The signature of ENSO in the wintertime frequencies of heavy precipitation and temperature extremes is derived from both observations and atmospheric general circulation model output for the contiguous United States. ENSO signals in the frequency of occurrence of heavy rainfall are found in the Southeast, Gulf Coast, central Rockies, and the general area of the Mississippi-Ohio River valleys. Strong, nonlinear signals in extreme warm temperature frequencies are found in the southern and eastern United States. Extreme cold temperature frequencies are found to be less sensitive to ENSO forcing than extreme warm temperature frequencies. Observed ENSO signals in extreme temperature frequencies are not simply manifestations of shifts in mean seasonal temperature. These signals in the wintertime frequency of extreme rainfall and temperature events appear strong enough to be useful in long-range regional statistical prediction. Comparisons of observational and model results show that the model climate is sensitive to ENSO on continental scales and provide some encouragement to modeling studies of intraseasonal sensitivity to low-frequency climatic forcing. However, large regional disagreements exist in all variables. Continental-scale El Nino signatures in intraseasonal temperature variability are not correctly modeled. Modeled signals in extreme temperature event frequencies are much more directly related to shifts in seasonal mean temperature than they are in nature.

Gershunov, A, Douville H.  2008.  Extensive summer hot and cold spells under current and possible future climatic conditions: Europe and North America. Climate extremes and society. ( Diaz HF, Murnane RJ, Eds.).:20., Cambridge: Cambridge University Press Abstract
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Favre, A, Gershunov A.  2006.  Extra-tropical cyclonic/anticyclonic activity in North-Eastern Pacific and air temperature extremes in Western North America. Climate Dynamics. 26:617-629.   10.1007/s00382-005-0101-9   AbstractWebsite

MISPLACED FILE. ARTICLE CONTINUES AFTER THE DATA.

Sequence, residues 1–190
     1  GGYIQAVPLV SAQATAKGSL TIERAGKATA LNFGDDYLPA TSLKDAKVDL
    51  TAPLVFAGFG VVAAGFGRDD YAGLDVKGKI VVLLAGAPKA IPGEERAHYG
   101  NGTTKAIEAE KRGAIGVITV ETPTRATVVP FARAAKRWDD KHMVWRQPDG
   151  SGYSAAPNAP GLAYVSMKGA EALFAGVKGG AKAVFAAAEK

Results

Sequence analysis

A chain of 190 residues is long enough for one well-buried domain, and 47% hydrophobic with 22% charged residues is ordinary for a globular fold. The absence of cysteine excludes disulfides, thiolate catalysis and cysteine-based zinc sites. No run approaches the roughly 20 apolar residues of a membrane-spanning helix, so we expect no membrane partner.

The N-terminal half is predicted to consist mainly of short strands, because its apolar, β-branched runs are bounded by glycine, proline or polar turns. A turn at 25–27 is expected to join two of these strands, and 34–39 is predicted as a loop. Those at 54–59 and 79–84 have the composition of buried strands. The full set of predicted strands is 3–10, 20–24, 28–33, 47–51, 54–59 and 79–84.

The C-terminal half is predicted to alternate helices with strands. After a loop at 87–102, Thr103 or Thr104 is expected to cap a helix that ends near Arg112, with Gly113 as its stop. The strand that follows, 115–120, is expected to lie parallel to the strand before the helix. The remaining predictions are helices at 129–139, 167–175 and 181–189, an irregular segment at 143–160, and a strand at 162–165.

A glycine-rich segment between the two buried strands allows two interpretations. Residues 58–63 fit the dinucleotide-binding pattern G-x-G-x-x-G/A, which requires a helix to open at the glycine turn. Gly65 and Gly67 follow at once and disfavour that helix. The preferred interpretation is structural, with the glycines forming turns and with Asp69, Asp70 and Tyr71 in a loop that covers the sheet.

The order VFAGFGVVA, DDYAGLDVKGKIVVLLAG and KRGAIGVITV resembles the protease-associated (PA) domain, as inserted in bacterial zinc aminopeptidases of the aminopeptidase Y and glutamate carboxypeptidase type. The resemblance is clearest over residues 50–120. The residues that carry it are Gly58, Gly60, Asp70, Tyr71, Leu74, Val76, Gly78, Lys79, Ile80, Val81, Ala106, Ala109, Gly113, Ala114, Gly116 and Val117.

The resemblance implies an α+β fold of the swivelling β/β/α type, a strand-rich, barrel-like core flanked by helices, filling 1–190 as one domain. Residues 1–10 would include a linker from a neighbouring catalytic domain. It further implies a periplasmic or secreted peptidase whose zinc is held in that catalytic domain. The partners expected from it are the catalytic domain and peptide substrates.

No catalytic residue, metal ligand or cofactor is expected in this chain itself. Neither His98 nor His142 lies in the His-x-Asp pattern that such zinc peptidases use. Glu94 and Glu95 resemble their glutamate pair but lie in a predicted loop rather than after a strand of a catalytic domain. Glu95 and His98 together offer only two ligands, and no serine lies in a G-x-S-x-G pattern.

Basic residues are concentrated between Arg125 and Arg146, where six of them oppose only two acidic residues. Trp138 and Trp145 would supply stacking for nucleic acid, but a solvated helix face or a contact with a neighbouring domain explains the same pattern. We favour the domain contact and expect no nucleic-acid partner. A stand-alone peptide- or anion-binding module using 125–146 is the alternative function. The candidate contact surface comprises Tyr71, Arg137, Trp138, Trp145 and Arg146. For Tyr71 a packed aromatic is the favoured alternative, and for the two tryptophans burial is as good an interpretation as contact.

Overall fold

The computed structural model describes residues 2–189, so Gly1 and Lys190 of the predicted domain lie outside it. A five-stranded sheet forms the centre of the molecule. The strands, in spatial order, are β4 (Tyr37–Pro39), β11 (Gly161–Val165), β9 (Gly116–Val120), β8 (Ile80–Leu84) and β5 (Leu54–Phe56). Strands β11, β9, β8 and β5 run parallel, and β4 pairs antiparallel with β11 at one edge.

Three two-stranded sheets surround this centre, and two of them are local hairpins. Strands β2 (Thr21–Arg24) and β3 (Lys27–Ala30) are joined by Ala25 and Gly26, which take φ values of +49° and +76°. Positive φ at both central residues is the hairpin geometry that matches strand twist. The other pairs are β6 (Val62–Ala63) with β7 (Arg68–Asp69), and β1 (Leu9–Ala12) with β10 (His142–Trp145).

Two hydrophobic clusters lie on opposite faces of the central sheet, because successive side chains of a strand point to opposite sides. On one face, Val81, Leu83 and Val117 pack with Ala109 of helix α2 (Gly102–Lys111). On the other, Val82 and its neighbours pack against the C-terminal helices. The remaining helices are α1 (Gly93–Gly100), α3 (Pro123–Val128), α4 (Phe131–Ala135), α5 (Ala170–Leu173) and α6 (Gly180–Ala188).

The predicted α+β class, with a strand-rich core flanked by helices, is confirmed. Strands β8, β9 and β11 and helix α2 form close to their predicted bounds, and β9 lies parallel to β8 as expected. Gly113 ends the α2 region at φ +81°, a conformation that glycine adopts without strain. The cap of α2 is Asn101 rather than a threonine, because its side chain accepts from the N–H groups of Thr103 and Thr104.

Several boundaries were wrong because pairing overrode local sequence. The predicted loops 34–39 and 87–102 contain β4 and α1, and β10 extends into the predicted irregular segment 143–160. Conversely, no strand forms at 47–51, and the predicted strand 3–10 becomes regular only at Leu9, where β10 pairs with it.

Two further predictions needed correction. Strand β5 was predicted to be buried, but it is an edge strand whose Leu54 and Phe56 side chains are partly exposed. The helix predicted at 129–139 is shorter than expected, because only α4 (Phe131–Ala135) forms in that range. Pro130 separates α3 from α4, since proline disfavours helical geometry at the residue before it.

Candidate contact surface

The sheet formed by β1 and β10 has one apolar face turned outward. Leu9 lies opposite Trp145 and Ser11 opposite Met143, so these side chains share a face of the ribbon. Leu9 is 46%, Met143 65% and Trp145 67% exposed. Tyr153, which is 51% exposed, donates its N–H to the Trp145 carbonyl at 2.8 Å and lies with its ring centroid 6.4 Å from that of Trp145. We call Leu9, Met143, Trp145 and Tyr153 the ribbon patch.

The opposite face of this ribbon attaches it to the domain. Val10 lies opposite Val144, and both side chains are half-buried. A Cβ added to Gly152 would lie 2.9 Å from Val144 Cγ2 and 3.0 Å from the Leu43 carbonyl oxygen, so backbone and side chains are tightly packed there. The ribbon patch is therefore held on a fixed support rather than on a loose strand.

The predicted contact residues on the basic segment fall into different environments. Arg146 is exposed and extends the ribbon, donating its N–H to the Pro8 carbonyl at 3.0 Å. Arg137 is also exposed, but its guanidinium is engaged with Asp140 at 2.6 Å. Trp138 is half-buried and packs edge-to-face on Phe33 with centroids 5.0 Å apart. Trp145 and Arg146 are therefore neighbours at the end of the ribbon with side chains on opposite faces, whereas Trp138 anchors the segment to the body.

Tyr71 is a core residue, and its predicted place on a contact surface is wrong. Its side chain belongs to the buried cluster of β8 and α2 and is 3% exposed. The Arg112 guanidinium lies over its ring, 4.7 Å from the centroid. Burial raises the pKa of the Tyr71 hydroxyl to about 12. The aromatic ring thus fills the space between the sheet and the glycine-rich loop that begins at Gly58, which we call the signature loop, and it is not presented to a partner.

Synoptic extra-tropical cyclone and anticyclone trajectories have been constructed from mean daily sea level pressure (SLP) data using a new automated scheme. Frequency, intensity and trajectory characteristics of these transients have been summarized to form indices describing wintertime cyclonic and anticyclonic activity over the North-Eastern Pacific (east of 170 degrees W) during 1950-2001. During this period, the strength of anticyclones gradually diminished and their frequency became more variable, while cyclones intensified in a discrete shift with deeper lows and further southerly trajectories occurring since the mid-1970s. These changes in synoptic transients translate into anomalously low seasonal mean SLP in the Aleutian Low, a low-level circulation anomaly consistent with the positive phase of the North Pacific Decadal Oscillation, with positive sea surface temperature (SST) anomalies along the west coast of North America and negative in the central North Pacific Ocean. A link between cyclonic/anticyclonic activity and tropical SST anomalies also exists, but this link only becomes significant after the mid-1970s, a period that coincides with more southerly cyclone trajectories. Southward excursions of mid-latitude cyclones during El Ni (n) over tildeo/positive NPO winters accomplish the northward advection of tropical air and discourage the southward penetration of polar air masses associated with transient anticyclones. Naturally, these changes in cyclonic/anticyclonic activity directly impact surface air temperatures, especially at night. We document these profound impacts on observed wintertime minimum temperatures over Western North America.